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6 Different Types of Binoculars & Their Uses (with Pictures)

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binoculars-pixabay - types of binoculars types

Whether you’re a first-time buyer or looking for your next set of binoculars, you’re going to need to do a bit of research — and we’re not just talking about magnification strength or size.

There are actually many different types of binoculars and choosing the right one starts with knowing what’s actually available. Can you name all of the different types? What about what each type is best for?

If not, don’t worry because we’ve got you covered. In this article, we’ll go over six of the most common types of binos, the pros and cons of each, what they’re ideal for, and some other features you should look for when shopping for your next set.

6 Different Types of Binoculars

1. Roof Prism Binoculars

When breaking down binocular types, there are two main categories for modern styles: Roof prism and Porro prism.

Porro prism vs roof prism binoculars

Roof prism binoculars are actually the more modern of the two. They’re streamlined, straight-tubed, more lightweight, and more compact than the older-styled Porro prism binoculars. At first glance, they seem to be a much more simplified version of traditional (Porro) binos. However, they are anything but.

roof prism

While on the outside they are simplistic, inside this type of binocular has a much more complex machination than any other style. When the light from your target enters the objective lenses, it gets bounced around a series of convoluted pathways before reaching your eyes at the ocular lenses. Through this sequence, roof prism binos can actually produce a much higher magnification power and brighter end imagery.

However, their complex internals can make these binos a bit more expensive than others. They cost more to make, which the manufacturer then passes to the consumer.

What It’s Used For: Hunting and birdwatching

Pros & Cons of Roof Prism Binoculars

  • Lightweight
  • Compact
  • Higher magnification
  • Clearer imaging
  • Much more expensive
  • Some models have a narrow field of view

2. Porro Prism Binoculars

The next major binocular type is Porro prism binoculars. These are actually the original style of bino sets. First developed in the 19th century by Ignazio Porro, this design produced the first real sets of modern binoculars and is still in use today.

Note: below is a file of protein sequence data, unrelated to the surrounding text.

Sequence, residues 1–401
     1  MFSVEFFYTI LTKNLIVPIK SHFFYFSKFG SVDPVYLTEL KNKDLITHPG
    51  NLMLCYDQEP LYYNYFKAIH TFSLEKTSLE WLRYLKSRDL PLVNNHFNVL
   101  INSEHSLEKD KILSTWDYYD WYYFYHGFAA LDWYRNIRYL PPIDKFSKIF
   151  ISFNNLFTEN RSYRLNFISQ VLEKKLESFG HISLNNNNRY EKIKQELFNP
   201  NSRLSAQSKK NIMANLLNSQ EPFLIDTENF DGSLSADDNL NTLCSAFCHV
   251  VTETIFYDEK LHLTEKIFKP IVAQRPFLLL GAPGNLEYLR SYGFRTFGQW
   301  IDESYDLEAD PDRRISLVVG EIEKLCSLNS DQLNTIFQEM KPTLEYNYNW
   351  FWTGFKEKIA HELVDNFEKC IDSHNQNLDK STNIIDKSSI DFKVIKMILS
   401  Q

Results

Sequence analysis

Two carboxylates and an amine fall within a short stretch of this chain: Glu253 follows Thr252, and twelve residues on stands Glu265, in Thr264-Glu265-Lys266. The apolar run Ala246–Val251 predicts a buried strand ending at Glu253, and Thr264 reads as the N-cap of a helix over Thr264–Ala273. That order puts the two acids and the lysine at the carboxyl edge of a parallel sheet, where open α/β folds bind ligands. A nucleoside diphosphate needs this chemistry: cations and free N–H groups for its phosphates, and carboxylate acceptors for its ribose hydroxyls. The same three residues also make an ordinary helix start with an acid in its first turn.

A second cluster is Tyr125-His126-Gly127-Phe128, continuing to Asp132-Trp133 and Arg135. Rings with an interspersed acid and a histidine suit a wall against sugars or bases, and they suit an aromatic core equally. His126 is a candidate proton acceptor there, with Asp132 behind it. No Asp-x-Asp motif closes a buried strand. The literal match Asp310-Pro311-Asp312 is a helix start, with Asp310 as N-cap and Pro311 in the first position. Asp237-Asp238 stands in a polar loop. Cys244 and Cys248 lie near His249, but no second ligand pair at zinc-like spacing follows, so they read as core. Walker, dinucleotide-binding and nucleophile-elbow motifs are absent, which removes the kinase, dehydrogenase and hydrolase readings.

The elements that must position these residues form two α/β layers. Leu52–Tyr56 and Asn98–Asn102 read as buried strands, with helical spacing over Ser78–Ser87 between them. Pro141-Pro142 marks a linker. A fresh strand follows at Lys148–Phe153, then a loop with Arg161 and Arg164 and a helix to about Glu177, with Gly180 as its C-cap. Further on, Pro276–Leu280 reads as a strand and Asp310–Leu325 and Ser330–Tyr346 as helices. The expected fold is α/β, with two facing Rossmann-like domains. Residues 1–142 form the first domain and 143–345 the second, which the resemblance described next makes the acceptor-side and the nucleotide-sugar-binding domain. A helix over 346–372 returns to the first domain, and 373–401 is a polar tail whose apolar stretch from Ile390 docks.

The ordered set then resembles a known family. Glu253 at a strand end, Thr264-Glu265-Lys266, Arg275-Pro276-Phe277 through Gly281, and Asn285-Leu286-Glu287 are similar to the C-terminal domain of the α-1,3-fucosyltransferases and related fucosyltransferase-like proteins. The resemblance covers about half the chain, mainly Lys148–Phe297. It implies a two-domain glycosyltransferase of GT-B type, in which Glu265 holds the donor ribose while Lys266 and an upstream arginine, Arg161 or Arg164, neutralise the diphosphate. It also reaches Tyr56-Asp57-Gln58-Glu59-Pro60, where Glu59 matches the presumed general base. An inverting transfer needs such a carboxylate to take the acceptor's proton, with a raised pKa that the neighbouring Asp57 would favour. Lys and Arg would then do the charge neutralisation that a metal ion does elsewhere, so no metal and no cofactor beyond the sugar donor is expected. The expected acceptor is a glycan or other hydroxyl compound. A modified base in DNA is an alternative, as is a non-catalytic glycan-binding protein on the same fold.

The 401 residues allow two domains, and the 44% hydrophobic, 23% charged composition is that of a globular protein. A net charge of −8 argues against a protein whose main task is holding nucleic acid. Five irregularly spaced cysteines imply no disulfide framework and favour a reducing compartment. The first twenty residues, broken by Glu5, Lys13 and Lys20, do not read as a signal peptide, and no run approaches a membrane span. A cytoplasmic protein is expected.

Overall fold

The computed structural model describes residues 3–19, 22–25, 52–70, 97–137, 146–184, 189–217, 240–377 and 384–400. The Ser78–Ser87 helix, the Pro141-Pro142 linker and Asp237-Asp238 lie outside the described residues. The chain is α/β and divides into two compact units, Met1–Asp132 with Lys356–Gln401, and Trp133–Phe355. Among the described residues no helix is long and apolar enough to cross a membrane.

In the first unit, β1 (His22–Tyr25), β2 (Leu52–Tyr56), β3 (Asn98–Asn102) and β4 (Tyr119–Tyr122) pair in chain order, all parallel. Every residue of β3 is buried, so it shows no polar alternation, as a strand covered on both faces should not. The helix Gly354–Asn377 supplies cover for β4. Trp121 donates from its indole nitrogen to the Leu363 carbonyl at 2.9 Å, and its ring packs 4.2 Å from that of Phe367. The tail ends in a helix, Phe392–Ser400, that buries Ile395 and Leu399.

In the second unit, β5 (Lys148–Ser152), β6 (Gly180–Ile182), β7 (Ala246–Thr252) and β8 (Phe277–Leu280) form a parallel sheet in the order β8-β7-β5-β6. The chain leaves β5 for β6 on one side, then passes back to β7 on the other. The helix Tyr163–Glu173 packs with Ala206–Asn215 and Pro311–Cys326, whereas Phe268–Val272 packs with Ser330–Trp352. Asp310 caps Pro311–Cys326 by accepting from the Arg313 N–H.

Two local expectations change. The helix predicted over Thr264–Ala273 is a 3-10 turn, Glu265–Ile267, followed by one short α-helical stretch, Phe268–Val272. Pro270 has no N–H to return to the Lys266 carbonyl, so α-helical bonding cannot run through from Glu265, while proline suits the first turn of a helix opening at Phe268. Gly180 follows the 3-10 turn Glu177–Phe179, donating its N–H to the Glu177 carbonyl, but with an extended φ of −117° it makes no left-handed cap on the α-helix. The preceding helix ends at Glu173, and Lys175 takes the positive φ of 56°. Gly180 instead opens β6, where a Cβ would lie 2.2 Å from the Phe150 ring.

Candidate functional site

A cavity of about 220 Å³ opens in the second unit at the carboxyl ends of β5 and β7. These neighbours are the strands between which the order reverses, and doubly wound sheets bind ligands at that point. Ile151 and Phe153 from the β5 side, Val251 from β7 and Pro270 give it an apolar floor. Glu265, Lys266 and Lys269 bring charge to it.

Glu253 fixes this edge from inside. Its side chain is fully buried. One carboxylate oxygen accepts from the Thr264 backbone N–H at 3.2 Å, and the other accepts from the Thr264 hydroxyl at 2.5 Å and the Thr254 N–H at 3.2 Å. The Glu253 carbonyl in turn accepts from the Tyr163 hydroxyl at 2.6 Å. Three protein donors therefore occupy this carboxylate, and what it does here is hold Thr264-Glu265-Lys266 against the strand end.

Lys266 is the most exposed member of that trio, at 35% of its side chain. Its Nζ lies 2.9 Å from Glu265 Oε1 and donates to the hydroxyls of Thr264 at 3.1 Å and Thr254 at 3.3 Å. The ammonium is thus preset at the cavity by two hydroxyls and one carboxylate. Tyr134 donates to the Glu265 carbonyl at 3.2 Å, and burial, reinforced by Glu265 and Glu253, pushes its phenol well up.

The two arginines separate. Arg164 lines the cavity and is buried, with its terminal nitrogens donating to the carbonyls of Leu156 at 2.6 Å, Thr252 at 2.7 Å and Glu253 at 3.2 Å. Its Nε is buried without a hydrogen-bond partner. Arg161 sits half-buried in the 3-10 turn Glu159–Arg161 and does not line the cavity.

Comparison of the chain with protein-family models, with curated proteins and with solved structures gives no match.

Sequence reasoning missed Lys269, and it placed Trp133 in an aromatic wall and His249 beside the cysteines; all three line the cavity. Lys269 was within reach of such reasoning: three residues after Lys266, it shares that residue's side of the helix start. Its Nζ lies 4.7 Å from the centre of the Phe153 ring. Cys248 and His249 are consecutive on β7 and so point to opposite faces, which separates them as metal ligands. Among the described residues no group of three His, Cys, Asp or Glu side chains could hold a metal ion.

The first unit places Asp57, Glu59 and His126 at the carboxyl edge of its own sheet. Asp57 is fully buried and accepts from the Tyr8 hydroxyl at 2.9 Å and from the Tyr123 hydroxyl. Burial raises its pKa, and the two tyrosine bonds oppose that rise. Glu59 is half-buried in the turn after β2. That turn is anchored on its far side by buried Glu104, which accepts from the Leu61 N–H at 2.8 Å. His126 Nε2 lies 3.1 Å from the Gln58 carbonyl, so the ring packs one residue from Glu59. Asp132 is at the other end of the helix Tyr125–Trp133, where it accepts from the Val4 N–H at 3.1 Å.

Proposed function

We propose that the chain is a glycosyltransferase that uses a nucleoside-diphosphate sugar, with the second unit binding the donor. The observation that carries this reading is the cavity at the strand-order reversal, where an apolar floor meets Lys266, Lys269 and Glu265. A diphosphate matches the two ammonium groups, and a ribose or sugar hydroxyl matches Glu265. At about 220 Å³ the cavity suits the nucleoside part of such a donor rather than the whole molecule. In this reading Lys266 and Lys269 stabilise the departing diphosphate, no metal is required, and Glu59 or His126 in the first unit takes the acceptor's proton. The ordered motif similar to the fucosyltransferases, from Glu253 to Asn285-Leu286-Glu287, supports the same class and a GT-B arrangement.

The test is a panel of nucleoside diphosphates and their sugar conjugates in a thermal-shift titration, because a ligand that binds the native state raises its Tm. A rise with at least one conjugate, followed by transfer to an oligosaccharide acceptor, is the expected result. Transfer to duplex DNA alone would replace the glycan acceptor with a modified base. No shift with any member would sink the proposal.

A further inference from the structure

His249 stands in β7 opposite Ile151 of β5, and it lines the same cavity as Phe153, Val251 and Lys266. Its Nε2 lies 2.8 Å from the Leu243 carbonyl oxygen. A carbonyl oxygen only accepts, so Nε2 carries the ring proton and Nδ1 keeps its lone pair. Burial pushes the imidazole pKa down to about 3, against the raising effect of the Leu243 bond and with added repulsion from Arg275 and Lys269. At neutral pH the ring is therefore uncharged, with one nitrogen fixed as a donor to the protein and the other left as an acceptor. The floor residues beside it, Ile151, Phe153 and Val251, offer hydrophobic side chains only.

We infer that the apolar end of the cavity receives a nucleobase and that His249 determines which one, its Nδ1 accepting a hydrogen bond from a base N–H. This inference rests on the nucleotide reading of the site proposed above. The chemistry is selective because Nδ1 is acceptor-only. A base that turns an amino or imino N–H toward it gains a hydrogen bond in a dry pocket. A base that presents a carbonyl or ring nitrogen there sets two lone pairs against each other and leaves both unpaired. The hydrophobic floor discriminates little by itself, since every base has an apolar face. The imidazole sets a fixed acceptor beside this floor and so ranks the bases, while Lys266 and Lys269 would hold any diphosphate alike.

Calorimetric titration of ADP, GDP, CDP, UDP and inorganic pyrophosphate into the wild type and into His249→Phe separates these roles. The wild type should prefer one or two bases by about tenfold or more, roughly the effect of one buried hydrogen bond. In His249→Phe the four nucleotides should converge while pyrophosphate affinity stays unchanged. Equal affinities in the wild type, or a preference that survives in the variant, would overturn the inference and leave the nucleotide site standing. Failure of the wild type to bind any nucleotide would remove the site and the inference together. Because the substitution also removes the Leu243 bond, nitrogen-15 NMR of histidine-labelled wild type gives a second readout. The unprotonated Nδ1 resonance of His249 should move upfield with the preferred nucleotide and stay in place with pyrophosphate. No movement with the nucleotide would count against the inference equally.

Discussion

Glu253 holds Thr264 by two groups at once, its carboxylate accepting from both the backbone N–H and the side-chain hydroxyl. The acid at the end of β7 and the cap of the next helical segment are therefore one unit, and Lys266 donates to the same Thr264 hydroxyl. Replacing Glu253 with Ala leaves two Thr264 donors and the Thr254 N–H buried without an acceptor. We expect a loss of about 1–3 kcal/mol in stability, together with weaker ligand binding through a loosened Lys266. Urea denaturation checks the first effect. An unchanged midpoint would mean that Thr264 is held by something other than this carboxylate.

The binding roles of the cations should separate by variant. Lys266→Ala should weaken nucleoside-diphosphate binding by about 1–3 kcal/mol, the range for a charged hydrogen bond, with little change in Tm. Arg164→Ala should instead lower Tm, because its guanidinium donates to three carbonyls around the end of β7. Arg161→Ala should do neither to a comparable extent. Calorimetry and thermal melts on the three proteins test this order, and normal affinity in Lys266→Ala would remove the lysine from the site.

The Porro prism concept works by sending the light from your objective lenses through an interdependent pair of triangular light-catchers in a quick horizontal jag. This movement then amplifies and inverts the light to give you a sharp, magnified image of your target.

porro prism

This zigzag design makes the binos a bit more cumbersome and unwieldy than the roof prism style. However, this very design mechanism does have its merits. Porro binos often provide a clearer, more three-dimensional image than roof prisms. Also, they normally provide a greater field of view than the straight-tubed roof style binos. And they’re actually simpler in design and, therefore, much cheaper to produce.

What It’s Used For: General use, sporting events, scouting, hiking, and astronomy

Pros & Cons of Porro Prism Binoculars

  • Many affordable options
  • Good 3D imaging
  • Wide field of view
  • Bulky and heavy
  • Lower magnification

3. Night Vision Binoculars

A standard set of binoculars are going to be next to useless for you if you’re needing them in nighttime or low-light situations. In these cases, you may want to consider a pair of night vision binos.

night vision

Night vision devices (such as binoculars) are electronically assisted optics that take the little available light you have and amplify it through a series of photon-enhancing components. At the end of this process, your eyes are treated with usable imagery to help you navigate the dark.

How night vision works

What It’s Used For: All low light situations such as spelunking, nighttime exploration or wildlife observations, surveillance, or hunting

Pros & Cons of Night Vision Binoculars

  • Allows you to see in the dark!
  • Pricey
  • Very fragile 

4. Marine Binoculars

Marine binoculars are a specific binocular type designed to be in and around water. They have a wider ocular and objective lens with low to moderate magnification power. When on the high seas (or just whale watching), you’re going to want something that has a larger field of view with a lower magnification.


Too high of magnification will cause a shaky image with just the slightest hand movement. Imagine how hard it would be to keep stable on a rocking boat! Marine binoculars are also generally fog and waterproof. And depending on the model, they may be just as useful under the waves as they are on the surface.

What It’s Used For: Marine operations, whale watching, ship gazing, diving or snorkeling

Pros & Cons of Marine Binoculars

  • Rugged with rubberized armor coating
  • Waterproof
  • Fog proof
  • More expensive than regular binos
  • Can get lost easily if not equipped with a flotation strap
RELATED READING: Our reviews of the best marine binoculars for boating

5. Astronomy Binoculars

If you’re an avid stargazer or amateur astronomer, you’re definitely going to want a pair of binoculars designed specifically to explore the heavens. Sure, a telescope is great, but there are times when one just isn’t on-hand or feasible.

For example, let’s say you’re out camping, trying to catch the latest meteor shower. It’s awfully difficult to trace quick-moving meteors or other heavenly bodies on a telescope. But with a little practice, you’ll be a master at detecting and viewing nighttime objects with a good set of astronomy binoculars.

Binoculars for astronomy

RELATED READING: Our reviews of the best binoculars for stargazing